Mental illnesses do not occur in isolation. They are often accompanied by numerous other health problems that further compound treatment and make it more expensive. For instance, diabetic patients who have comorbid depression incur roughly five times higher health care costs compared to those who are only diabetic. Chronically ill patients are more prone to anxiety and depression compared to people without chronic illnesses. It is, thus, vital that better and early screening and treatment for mental health disorders of chronically ill patients be conducted. This will go a long way in reducing distress and risk complications, as well as suicide. Better physical care provision is also imperative because it plays a major role in the overall management of such kinds of health complications (Russell, 2010). Depression, anxiety, and psychotic disorders, among other conditions are more common in teenage, as well as early adult life. About half of the cases of the mental disorder commence at the age of fourteen. About 14%-20% of young children and teenagers suffer from a mental health illness annually. However, only a quarter of these children and teenagers receive treatment. There is a serious need for early intervention in mental health illnesses because these disorders increase mortality and are bound to result in epochs of disability and unfulfilled lives later on (National Institute of Mental Health, 2009).

Another barrier to the implementation of the idea of integration of mental health with primary health care is the reluctance to adopt change (Butler et al., 2009). It has been argued that human beings are generally opposed to change, regardless of whether it is positive or negative change. Substantial efforts must be put to make individuals embrace integration readily. However, providers may not be ready to invest in such kinds of efforts. Primary care providers, for instance, would consider mental health services as being out of their responsibilities because they have been specifically trained to work in general medical care. Further, healthcare providers may be reluctant to adopt the integration because it would mean they give more time than they would if they were dealing with general health care services. It, therefore, calls for a serious leader who is willing to promote, advocate, and support the integration (Russell, 2010).

Despite the challenges, the integration of mental health with primary health care has numerous benefits. Many positive outcomes have been reported in places where integration has been embraced. Studies have determined that there is evidence of a growing bid to incorporate comprehensive integrated mental health into condition-specific protocols involved in the care management. Generally speaking, integrated care has brought about many positive outcomes. Nevertheless, it is impossible to tell apart the effects that would come as a result of increased general attention to mental health problems from those of particular strategies. This lack of correlation underlines the underlying question regarding the specific outcomes of integrated care. However, it is sensible to argue that the introduction of a systematic strategy and additional consideration for treating mental problems in the context of health care will lead to a beneficial outcome (Russell, 2010). It goes without saying that the financial barriers that come as a result of fee-for-service payment have to be reckoned with while struggling to put in place integrated care for mental health and physical health patients. A lot of effort and determination are required to implement the idea of integration. No barrier can prevent the integration of mental health with primary health care once the benefits of adopting integration are recognized.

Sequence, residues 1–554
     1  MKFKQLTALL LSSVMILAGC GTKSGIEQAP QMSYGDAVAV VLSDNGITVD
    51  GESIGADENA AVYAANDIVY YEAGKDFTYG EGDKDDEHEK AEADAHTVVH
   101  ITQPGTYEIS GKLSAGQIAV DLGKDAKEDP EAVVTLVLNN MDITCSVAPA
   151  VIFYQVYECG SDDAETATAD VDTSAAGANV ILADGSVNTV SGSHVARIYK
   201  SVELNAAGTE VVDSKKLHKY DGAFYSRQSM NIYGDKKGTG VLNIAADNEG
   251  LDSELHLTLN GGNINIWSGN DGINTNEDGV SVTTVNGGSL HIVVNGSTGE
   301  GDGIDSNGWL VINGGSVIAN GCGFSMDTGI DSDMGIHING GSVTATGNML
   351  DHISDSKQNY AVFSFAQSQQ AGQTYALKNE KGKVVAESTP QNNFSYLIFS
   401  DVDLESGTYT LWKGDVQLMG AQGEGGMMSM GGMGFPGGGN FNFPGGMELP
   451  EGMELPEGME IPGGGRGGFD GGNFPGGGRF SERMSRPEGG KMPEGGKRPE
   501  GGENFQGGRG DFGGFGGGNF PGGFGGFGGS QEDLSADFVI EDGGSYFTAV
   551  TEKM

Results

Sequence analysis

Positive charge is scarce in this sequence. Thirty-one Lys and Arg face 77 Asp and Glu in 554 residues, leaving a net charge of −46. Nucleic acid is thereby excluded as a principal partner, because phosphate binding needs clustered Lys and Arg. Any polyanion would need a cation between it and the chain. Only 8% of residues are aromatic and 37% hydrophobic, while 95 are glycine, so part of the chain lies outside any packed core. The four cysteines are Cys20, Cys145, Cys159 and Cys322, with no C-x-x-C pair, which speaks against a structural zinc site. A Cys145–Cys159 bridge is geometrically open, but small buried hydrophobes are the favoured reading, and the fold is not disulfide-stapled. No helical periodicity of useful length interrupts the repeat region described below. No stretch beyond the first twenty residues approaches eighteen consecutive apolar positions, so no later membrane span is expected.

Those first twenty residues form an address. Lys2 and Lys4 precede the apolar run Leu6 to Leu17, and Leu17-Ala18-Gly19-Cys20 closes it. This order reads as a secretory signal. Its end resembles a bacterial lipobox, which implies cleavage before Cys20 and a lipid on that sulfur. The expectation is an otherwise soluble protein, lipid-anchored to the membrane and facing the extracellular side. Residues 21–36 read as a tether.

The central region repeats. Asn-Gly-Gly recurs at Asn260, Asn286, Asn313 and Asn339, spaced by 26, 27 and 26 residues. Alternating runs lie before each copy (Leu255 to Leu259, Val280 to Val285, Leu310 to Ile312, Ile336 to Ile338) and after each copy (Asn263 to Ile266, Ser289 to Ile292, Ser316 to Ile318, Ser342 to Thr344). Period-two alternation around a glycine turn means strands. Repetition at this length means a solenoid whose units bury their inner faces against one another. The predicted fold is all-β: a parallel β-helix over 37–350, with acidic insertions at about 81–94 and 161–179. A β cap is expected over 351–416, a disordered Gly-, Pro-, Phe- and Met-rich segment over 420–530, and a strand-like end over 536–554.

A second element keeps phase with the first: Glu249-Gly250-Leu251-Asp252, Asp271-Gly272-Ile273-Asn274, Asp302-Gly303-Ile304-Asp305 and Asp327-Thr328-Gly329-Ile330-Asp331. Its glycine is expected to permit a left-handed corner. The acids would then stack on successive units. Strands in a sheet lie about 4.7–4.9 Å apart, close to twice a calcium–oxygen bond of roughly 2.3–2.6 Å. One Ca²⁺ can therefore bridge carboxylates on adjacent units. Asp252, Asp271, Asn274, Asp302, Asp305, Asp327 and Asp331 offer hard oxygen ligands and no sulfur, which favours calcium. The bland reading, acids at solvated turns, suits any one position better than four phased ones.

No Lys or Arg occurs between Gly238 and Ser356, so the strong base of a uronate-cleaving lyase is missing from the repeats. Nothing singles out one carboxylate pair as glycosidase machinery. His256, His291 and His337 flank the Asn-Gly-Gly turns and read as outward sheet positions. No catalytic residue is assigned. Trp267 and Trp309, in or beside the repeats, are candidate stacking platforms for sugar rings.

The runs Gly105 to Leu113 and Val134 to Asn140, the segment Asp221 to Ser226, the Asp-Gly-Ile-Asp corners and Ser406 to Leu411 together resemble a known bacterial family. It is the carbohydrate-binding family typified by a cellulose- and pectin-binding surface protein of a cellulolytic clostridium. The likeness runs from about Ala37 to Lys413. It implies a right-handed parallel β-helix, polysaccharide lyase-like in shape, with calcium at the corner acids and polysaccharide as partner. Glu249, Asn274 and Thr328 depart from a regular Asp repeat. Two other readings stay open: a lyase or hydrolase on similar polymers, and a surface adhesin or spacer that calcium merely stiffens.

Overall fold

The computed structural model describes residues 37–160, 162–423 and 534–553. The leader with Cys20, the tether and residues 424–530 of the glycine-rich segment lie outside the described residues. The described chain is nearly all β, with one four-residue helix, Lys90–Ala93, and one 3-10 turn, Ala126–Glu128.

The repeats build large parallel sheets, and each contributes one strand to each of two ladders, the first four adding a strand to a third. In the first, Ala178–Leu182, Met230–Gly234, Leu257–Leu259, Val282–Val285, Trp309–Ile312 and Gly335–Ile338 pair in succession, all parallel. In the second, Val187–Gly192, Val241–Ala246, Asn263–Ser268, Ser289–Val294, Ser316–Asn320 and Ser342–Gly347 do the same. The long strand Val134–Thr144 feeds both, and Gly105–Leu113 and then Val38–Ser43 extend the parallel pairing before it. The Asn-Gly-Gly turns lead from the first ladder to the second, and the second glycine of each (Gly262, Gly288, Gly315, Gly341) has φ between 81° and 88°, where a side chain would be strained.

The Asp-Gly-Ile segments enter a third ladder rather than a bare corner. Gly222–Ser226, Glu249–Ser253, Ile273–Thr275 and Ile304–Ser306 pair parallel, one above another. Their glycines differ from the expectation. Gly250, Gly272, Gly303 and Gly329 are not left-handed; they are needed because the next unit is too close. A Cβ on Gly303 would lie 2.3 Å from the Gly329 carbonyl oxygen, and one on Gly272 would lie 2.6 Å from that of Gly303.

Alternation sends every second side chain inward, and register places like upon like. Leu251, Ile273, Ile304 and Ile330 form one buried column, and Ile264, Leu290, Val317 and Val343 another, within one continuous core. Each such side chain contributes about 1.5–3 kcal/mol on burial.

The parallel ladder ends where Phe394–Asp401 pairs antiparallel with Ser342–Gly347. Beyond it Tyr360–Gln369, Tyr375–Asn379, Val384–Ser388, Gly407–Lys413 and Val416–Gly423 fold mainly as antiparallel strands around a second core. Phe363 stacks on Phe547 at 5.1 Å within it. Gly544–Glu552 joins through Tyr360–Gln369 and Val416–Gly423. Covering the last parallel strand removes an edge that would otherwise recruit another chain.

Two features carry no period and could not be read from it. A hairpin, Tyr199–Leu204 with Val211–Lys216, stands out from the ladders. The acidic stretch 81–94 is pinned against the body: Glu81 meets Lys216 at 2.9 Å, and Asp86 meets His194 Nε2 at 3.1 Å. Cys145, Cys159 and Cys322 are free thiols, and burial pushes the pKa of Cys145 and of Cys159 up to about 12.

Conclusion

Health care inequality and poor quality when it comes to mental health care compared to primary health care call for amalgamating the two sectors of the health care system. The positive outcomes expected from integrating mental health care with primary health care include increasing accessibility to mental health services as the main outcome. It is also expected that mentally ill patients will experience improved physical health, especially those suffering from chronic conditions such as comorbid conditions. Finally, achieving full integration will mean that the present inequalities in health care that touches on the mentally ill will be addressed to a great extent.

References

Butler, M., Kane, R. L., McAlpine, D., Kathol, R. G., Fu, S. S., Hagedorn, H., & Wilt, T. J. (2009). Integration of mental health/substance abuse and primary care. Rockville, MD: Agency for Health Research and Quality.

Freedman, R. (2009). Matching patients and providers across the United States. Psychiatric Services, 60(10), 1293. Web.

Hudson, C. (2009). Validation of a model for estimating state and local prevalence of serious mental illness. International Journal of Methods in Psychiatric Research 18(4), 251–264.

National Institute of Mental Health (2009). Treatment of children with mental disorders. Web.

Russell, L. (2010). Mental health care services in primary care: Tackling the issues in the context of health care reform. Web.